Feasting on Fish

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Science  15 Dec 2006:
Vol. 314, Issue 5806, pp. 1659
DOI: 10.1126/science.314.5806.1659a

Like drivers at a carwash, coral reef fish queue at cleaning stations to have parasites, slime, and broken scales nibbled away by smaller fish and by shrimps. These species interactions are interesting for their tropical ubiquity and the diversity of species that can be found as clients and cleaners. Although some cleaners are obligate professionals, others are dilettantes and adopt this life-style intermittently.

Floeter et al. have compiled data from around the tropics to tease out the selection pressures acting on these interactions. The basic emerging relationship is that, owing to abundance, the more common, planktivorous, and gregarious species take up most of the cleaner's time. Client size doesn't seem to be very important, nor does professionalism, when it comes to dealing with carnivores that might eat the fish or shrimp that is cleaning them. Hence, this study adds to a growing body of evidence suggesting a central role for abundance in structuring species interactions. Guimarães et al. have also looked at cleaning mutualisms. They document a pattern of nestedness, dominated by a core of a few, very busy cleaner species that service a wide variety of clients, with less popular cleaners and clients, both of which interact with core species but not each other, lounging on the periphery. — CA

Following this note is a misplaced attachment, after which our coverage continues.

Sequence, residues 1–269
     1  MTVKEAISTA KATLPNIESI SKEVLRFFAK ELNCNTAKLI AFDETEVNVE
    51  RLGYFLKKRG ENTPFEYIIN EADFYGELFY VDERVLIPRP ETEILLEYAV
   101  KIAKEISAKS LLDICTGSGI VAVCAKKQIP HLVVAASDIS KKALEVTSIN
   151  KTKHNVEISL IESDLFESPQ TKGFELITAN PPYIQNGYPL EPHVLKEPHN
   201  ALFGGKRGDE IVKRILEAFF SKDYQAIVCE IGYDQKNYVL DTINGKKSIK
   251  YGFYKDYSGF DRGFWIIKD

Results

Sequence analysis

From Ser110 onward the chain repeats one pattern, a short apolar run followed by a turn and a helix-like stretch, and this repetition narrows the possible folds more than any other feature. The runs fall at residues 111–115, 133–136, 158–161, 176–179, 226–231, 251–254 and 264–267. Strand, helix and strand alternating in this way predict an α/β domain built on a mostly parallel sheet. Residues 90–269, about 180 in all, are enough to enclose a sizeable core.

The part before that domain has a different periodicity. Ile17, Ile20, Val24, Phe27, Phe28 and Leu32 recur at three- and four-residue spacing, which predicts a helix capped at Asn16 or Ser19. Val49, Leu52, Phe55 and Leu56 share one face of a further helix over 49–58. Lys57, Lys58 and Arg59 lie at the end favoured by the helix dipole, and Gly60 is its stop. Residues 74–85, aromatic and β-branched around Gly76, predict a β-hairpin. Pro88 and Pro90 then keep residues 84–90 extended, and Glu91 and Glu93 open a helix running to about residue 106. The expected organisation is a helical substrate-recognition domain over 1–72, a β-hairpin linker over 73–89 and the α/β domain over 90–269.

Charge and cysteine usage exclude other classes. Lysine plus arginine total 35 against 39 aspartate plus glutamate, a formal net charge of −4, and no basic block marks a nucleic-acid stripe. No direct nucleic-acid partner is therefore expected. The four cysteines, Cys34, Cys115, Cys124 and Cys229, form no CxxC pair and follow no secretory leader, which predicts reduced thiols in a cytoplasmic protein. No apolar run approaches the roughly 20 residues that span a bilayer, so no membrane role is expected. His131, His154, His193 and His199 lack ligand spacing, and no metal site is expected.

J. Anim. Ecol. 10.1111/j.1365-2656.2006.01178x (2006); Biol. Lett. 10.1098/rsbl.2006.0562 (2006).

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